Riverside Regional Jail faulted in two inmate deaths and placed under closer state supervision
By FRANK GREEN Richmond Times-Dispatch
In a review of two 2017 inmate deaths at Riverside Regional Jail in Prince George County, the state found shortcomings that may have contributed to the incidents.
Riverside Regional Jail was placed under closer state supervision Tuesday — and forced to receive two unannounced audits every six months — by the Virginia Board of Corrections in the wake of two inmate deaths in 2017.
The board placed the facility on “probationary certification” for three years after the board’s jail review committee found shortcomings at the facility in Prince George County that may have directly or indirectly contributed to the deaths of two inmates in 2017. The committee also concluded there was evidence that the jail was out of compliance with some of the board’s regulations.
In other actions Tuesday, the board imposed probationary certification for one year on the Portsmouth City Jail for two deaths that occurred there.
Although a shortcoming in the management of pharmaceuticals was noted in the Jan. 8, 2018, death of an inmate at the Virginia Beach Jail, no disciplinary action was taken by the board.
In the Riverside Regional Jail case, in addition to the unannounced inspections, the facility must submit quarterly reports to the board on its compliance with state regulations.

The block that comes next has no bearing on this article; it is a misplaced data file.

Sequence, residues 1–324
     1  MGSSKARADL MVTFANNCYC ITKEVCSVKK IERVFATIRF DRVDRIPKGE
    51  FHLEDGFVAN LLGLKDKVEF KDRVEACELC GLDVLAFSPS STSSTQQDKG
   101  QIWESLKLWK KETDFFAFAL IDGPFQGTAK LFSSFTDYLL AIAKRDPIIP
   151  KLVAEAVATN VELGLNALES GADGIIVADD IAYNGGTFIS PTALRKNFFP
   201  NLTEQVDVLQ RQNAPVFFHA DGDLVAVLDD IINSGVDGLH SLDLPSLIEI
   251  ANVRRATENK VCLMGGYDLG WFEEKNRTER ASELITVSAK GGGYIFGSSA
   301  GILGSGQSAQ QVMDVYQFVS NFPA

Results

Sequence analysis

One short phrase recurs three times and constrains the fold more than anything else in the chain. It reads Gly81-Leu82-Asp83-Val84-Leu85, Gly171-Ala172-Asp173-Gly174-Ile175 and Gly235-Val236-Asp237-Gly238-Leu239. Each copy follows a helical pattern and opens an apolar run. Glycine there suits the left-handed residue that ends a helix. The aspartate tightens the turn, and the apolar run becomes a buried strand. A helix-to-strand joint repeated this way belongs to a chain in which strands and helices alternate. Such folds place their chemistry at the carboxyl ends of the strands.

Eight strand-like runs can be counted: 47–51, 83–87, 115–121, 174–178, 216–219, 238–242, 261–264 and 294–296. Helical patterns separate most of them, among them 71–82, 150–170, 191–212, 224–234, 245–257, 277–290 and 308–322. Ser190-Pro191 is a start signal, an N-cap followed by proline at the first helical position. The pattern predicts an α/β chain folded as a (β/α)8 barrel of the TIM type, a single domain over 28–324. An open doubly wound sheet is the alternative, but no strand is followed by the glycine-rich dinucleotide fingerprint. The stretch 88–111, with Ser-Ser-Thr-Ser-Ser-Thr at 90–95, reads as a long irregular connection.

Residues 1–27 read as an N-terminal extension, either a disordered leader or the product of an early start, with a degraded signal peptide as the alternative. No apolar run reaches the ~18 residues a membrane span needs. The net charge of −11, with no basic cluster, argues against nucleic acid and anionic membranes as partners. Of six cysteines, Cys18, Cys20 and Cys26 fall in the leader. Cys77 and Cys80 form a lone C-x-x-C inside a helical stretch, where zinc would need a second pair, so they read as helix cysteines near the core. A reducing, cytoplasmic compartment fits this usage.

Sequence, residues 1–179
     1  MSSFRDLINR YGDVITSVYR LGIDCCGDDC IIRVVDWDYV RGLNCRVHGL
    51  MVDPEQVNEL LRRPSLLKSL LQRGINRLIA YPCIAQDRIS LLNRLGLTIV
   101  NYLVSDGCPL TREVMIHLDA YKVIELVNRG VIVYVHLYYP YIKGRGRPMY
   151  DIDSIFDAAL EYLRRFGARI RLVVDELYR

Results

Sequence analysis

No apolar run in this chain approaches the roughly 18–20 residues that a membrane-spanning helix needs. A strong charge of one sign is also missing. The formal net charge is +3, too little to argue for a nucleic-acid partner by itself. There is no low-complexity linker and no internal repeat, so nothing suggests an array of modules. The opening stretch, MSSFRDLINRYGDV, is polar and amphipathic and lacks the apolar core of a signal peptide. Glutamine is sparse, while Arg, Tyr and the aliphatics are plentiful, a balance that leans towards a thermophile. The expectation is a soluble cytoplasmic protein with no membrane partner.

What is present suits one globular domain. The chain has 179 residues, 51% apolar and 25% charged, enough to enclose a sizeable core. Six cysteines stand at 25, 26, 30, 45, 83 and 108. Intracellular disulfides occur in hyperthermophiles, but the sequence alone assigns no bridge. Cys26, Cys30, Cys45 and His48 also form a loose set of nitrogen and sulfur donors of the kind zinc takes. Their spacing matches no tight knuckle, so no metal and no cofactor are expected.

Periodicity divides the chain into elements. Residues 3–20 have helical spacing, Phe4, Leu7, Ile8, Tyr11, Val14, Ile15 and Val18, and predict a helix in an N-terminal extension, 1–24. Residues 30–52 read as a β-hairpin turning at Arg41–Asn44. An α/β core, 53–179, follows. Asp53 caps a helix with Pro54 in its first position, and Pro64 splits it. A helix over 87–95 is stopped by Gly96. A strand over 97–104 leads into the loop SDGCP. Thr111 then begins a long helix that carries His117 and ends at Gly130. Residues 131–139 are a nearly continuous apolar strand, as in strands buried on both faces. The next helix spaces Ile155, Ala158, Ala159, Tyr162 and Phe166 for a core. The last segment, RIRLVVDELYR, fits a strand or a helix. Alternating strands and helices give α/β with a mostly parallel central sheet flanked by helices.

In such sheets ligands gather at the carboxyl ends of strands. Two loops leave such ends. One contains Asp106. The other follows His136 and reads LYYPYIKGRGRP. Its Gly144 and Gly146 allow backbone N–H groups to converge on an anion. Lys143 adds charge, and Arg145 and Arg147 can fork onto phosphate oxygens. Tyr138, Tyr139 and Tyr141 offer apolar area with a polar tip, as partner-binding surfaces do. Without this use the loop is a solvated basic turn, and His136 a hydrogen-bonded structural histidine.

The jail serves Chesterfield, Charles City, Prince George and Surry counties and the cities of Hopewell, Colonial Heights and Petersburg. The prior superintendent left last year and in January an interim superintendent told state officials that the facility has increased its staff and implemented new procedures.
According to the summary of an investigative report into one of the Riverside deaths, Alex Wesley Tripp, 32, was found hanging in his cell at Riverside on Oct. 31, 2017, less than a day after he was booked on charges of petit larceny, obtaining money under false pretenses and two drug violations.
At Tuesday’s Board of Corrections meeting, its jail review committee found that in that case the jail violated regulations concerning the medical screening of inmates upon admission and regulations on the supervision of inmates.
Regulations require that inmates be checked at least twice per hour at random intervals, but the report found that the last observation of the area where Tripp was held was almost four hours before his body was discovered.
In the other Riverside death, Benjamin Scott Wash died at the facility on Nov. 30, 2017, in his cell of an apparent suicide. On Tuesday the Board of Corrections faulted the jail for its handling of medical screening in his case.
Written policy requires a medical screening for all inmates after admission, including questions about past and present drug use, depression and suicidal tendencies.
The Board of Corrections also faulted the Portsmouth City Jail for inmate deaths on Aug. 21, 2017, and Jan. 18, 2018, in both cases finding violations of regulations concerning inmate medical screening and supervision.
Last year, the Board of Corrections and a state investigator began reviewing all jail deaths in the state going back to July 2017.
On Tuesday, the investigator, T. Stephen Goff, reported that the board has closed 47 cases thus far. He said he has 16 open cases with 10 of them awaiting autopsy reports. Only one case from 2018 remains, and the rest are from this year, he said.